Echoes Dispatches From Economic History
In the midst of the Great Depression, people who bet on stock-market declines were considered unpleasant, unwanted, un-American, un-something. Yet as a New York Times writer noted in February 1932, "The bearish speculator is not often reviled in healthy markets; it is when prices are declining that opprobrium is heaped upon him."
Short-selling transactions involve a broker "lending" equity shares to an investor, who pledges to return them at a later date. Usually, the broker sells the shares, credits the investor's account, then waits for the investor to repurchase and return them. If the buyback price is lower, the account balance, less fees and interest, represents profit; if the price is higher, the investor adds funds and takes a loss. Short sales can yield big gains when markets collapse, but analysts have long debated whether they accelerate price slides or instead help establish "fundamental" values after a bubble.READ MORE
NEP-HIS blog on how the European Union mirrors U.S. fiscal federalism
EconoMonitor on how the most recent financial crisis compares with past ones
Marginal Revolution on the secret agreement that revolutionized China ...
... and on how American bread is getting better while French bread is getting worse
Credit Writedowns on how Smith and Schumpeter would interpret the U.S. income gap
Free Exchange on Ben Bernanke the professor versus Ben Bernanke the chairman
History News Network on how to think about corporate personhood
American Enterprise on the history of American advertising
Ellen F. Brown
Word on the street is that the publishing industry is under attack by technology. Amazon.com Inc. has launched a bare-knuckled assault against independent bookstores. Print-on-demand firms make it possible for anyone to get his work on the market, and thus threaten to render agents and editors obsolete. And with e-books priced so low, how can authors and booksellers earn a decent living?
Yet the publishing industry has a long history of weathering these sorts of challenges, and its past offers some optimism for the future.READ MORE
Gregory DL Morris
Although it may seem shocking to watch the 112th Congress, there was a time when national leaders were swift and decisive in getting things done. In November 1910, in the space of less than two weeks, a group of government and business leaders fashioned a powerful new financial system that has survived a century, two world wars, a Great Depression and many recessions.
Of course, the Jekyll Island conference, which met that month, was dodgy even by the standards of the Gilded Age: a self-selected handful of plutocrats secretly meeting at a private resort island to draw up a new framework for the nation’s banking system. Add in the gnarly live oaks and dripping Spanish moss of coastal Georgia, and the baronial becomes baroque.READ MORE
Before Greece entered the euro area, its basic monetary unit was called the drachma. As the country debates with growing seriousness whether to return to its old currency, the coin's history and design repay a closer look. They speak of the extreme persistence of an idea, a coin and an image -- going back 25 centuries.
The word drachma comes from the Greek "drax," meaning a handful. It originally referred to a handful of six iron rods, called obols. Obols were used as currency before the widespread use of coinage.READ MORE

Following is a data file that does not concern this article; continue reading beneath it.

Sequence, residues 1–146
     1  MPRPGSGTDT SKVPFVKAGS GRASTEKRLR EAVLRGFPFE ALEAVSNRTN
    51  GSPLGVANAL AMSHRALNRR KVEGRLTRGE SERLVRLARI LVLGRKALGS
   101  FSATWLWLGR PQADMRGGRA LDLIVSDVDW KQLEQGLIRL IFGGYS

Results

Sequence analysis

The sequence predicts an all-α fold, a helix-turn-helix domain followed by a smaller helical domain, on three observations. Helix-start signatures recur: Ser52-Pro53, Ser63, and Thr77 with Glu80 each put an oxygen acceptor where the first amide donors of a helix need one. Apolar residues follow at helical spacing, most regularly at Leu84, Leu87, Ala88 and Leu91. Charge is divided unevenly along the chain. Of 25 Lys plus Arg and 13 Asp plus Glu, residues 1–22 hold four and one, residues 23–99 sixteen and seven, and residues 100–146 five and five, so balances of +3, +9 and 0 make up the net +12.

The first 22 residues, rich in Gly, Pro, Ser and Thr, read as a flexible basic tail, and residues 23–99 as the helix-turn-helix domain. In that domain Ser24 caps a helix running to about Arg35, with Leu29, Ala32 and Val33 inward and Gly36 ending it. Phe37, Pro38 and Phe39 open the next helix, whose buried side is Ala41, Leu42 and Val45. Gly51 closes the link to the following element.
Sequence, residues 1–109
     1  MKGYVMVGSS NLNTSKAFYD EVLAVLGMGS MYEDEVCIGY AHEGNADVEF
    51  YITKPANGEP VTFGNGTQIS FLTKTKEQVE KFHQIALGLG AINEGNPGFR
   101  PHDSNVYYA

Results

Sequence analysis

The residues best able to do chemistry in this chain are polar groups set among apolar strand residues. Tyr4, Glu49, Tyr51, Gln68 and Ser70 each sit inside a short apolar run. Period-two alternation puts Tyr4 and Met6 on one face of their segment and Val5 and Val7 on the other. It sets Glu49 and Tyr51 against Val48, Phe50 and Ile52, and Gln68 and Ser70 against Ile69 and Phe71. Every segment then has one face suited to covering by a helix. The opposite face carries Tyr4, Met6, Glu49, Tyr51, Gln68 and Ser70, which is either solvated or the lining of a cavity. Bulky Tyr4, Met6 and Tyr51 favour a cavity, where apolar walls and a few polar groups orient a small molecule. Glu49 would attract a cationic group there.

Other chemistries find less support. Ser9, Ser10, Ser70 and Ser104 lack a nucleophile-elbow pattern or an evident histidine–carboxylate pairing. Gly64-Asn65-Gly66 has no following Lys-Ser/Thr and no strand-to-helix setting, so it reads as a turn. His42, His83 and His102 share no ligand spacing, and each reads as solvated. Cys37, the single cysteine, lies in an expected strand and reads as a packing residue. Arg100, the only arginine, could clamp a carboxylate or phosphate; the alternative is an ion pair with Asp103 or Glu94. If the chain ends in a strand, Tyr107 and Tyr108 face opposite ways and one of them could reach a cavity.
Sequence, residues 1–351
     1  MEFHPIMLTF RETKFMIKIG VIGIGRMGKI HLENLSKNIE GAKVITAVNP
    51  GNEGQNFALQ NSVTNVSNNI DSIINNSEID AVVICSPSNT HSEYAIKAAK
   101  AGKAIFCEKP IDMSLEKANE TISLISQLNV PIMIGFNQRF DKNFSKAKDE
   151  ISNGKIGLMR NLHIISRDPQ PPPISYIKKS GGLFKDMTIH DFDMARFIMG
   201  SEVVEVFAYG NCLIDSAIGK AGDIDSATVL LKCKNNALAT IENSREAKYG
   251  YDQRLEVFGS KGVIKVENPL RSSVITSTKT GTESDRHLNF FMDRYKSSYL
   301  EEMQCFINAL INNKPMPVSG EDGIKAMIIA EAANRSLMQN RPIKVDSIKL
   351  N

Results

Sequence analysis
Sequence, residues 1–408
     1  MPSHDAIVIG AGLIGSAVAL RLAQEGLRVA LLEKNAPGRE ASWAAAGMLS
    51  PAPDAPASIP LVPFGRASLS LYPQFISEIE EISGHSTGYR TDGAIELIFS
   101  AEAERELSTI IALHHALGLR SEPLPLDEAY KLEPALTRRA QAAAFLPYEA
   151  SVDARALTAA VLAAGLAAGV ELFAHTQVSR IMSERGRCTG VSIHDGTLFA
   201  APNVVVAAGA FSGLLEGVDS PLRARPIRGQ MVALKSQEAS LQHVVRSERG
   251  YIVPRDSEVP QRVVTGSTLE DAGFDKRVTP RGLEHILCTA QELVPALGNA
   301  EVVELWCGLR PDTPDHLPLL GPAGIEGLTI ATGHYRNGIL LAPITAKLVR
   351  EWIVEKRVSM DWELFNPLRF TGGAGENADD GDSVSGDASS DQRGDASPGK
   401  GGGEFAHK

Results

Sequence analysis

Feb. 12, 1970, was a historic day on Wall Street. For the first time in the 178-year history of the New York Stock Exchange, a black man joined the trading community on the exchange floor.
Joseph L. Searles III, the Newburger, Loeb & Co. partner who achieved this milestone, took a meandering route to the Street. He had been a professional football player for the New York Giants and later made a name for himself in politics as an aide to New York City Mayor John Lindsay. But Searles's experience in finance was extremely limited.READ MORE
For President Herbert Hoover, the election year of 1932 would be a rough one. It opened with weak equities markets, declining commodities prices and intensifying anxiety about both economics and politics.
Benjamin Roth, a lawyer from Youngstown, Ohio, noted in his diary: "Even those who invested after 1930 -- after the crash -- at what they considered bargain prices, now find their 'bargains' selling at half price or lower." He added: "Business shows no sign of pick-up. People are already looking toward the next presidential election when a Democrat will probably replace Hoover. In the meanwhile, Hoover adds to his long list of artificial stimulants."READ MORE
NPR's Monkey See on the hype about Charles Dickens's 200th birthday
Wonkblog on Guinness's contribution to economic research
Free Exchange on the disconnect between modern workers and outdated labor benefits
Megan McArdle on whether inequality will get worse
Matthew Yglesias on the decline of publishing jobs
More than a year and a half after the Dodd-Frank financial reform was enacted into law, many of its provisions are under attack.
Banks have fiercely opposed everything from its proposed limits on proprietary trading to its new rules on derivatives to its regulation of the muni-bond market. Republicans in Congress have opposed much of what the Consumer Financial Protection Bureau was established to do. Republican presidential candidates have called for the act's repeal. And regulators have missed three-fourths of the law's rulemaking deadlines.READ MORE
Cable television has lately been bringing the art and science of owning a pawnshop to life -- even for those fortunate enough to experience it only vicariously. But pawning has been integral to Americans' financial lives for centuries.
History Channel's "Pawn Stars" features the oversized Harrison family and their Las Vegas pawnshop, Gold & Silver. Old paper currency, antique pistols, classic guitars and works of art are typical of the items offered up for appraisal there, making the series seem like a less genteel version of "Antiques Roadshow."READ MORE
Elizabeth Tandy Shermer